Small examples of irony are found in each of the ideologies and teachings that Siddhartha dismissed. First, he sees devoted Brahmans, such as his father, constantly seeking enlightenment but never attaining it. Next, he sees the Samanas and the followers of Gotama also seeking enlightenment through teachings, but they never reach enlightenment either. These followers assumed there was one path to find enlightenment, and they spent their entire lives looking for that one teaching to bring them to Nirvana. It is ironic that Siddhartha, the one who abandoned these teachings and ideologies, is the only one to attain enlightenment — as he realized that following another is not the correct path.
Siddhartha is constantly seeking satisfaction as a means to enlightenment throughout his life. He is tested in three ways to find that satisfaction, yet none of these three tests bring him what he desires.
First, he followed the Brahmans, then the Samanas, and then Gotama in an attempt to find satisfaction. However, following others did not bring him satisfaction. Second, he met Kamala and Kamaswami. He indulged in various pleasures, yet these did not bring him satisfaction either. He eventually left them in order to continue on his quest. Third, Siddhartha looked to his son to give him fatherly satisfaction in old age. This also did not end in satisfaction, as Siddhartha's son hated him and ran away.
It is only after these three challenges of attempted satisfaction does he find enlightenment. The novel continuously shows us that satisfaction is not a goal to be attained. Rather, satisfaction comes inadvertently through the experience of finding who you are.
When Siddhartha met Kamaswami, he tested his ability to read and write. Siddhartha writes on a piece of paper,
Writing is good, thinking is better. Being smart is good, being patient is better." (Second Part, With the Childlike People)
While the reader and Siddhartha do not understand the impact of these words, in retrospect, we see that Siddhartha knew exactly what was needed to achieve enlightenment after all: original thought and patience. It took Siddhartha a lifetime to truly manifest enlightenment, and he did so by creating his own path and being patient.
When Siddhartha was beginning to feel enlightenment, he asked Vasudeva for confirmation. Vasudeva responded,
It is this what you mean, isn’t it: that the river is everywhere at once, at the source and at the mouth, at the waterfall, at the ferry, at the rapids, in the sea, in the mountains, everywhere at once, and that there is only the present time for it, not the shadow of the past, not the shadow of the future?" (Second Part, The Ferryman)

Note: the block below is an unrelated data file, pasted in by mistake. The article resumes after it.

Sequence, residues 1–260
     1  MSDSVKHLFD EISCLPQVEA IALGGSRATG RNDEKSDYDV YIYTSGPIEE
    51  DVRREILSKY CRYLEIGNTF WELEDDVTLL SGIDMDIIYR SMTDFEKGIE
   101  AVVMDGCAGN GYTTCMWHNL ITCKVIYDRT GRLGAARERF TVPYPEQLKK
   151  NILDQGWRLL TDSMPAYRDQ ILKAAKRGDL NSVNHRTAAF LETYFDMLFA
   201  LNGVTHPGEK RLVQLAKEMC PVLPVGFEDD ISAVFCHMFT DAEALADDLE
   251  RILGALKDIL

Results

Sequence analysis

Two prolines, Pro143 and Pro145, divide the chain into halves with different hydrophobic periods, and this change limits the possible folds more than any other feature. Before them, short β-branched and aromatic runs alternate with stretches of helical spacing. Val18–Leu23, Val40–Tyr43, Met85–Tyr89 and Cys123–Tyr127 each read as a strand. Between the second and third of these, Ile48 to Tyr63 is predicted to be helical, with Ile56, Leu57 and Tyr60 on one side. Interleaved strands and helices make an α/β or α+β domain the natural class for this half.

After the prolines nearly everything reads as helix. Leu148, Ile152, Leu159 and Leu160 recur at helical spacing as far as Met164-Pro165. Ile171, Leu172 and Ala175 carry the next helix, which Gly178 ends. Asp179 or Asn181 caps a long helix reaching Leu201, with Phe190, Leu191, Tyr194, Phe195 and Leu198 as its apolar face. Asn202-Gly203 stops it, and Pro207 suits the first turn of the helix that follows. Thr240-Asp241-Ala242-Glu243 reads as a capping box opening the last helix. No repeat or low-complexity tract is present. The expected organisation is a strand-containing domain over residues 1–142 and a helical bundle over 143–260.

From their first meeting until Siddhartha became enlightened, Vasudeva understood that the river could teach many lessons to one who is paying attention. He confirms what Siddhartha is experiencing: the ecstasy of enlightenment.
Siddhartha has many quotes throughout the novel, but one that sums up his perspective on life is, "Writing is good, thinking is better. Being smart is good, being patient is better."
Herman Hesse's novel Siddhartha is a fictional story about a young man who is in search of enlightenment. He does briefly follow the Buddha, who was alive about 6 centuries before the birth of Christ.
Siddhartha is an important book because it shows the benefits of independent thought and self understanding.
The message of Siddhartha is that one can find wisdom and Nirvana through nature by utilizing free will to find their own path to enlightenment.
Siddhartha follows the life of a young man on his quest for enlightenment. He starts as a Brahman, follows the Samanas, and then rejects the teachings of others after he hears the Buddha speak. He then prioritizes physical pleasures, which he indulges in for twenty years. He gets sick of this lifestyle, and he lives the rest of his life as the assistant of a ferryman on the river where he eventually achieves Nirvana.
What themes does Hesse employ in Siddhartha to show how one can find enlightenment?
True or False: Siddhartha knows Vasudeva is enlightened before he asks to be his apprentice.
What does Kamaswami represent?
a distraction on Siddhartha's path to enlightenment
Where does Siddhartha first experience physical pleasure?
At the stream where a beautiful woman is washing her clothes.
What is the Atman?
the universal soul
What tool does Siddhartha have to find calmness? Choose the best answer.
He can speak the Om
What does "Siddhartha" mean in Sanskrit?
Who does Siddhartha learn from first?
What does Siddhartha find satisfaction in?
What two concepts does Siddhartha consider "better" when meeting Kamaswami?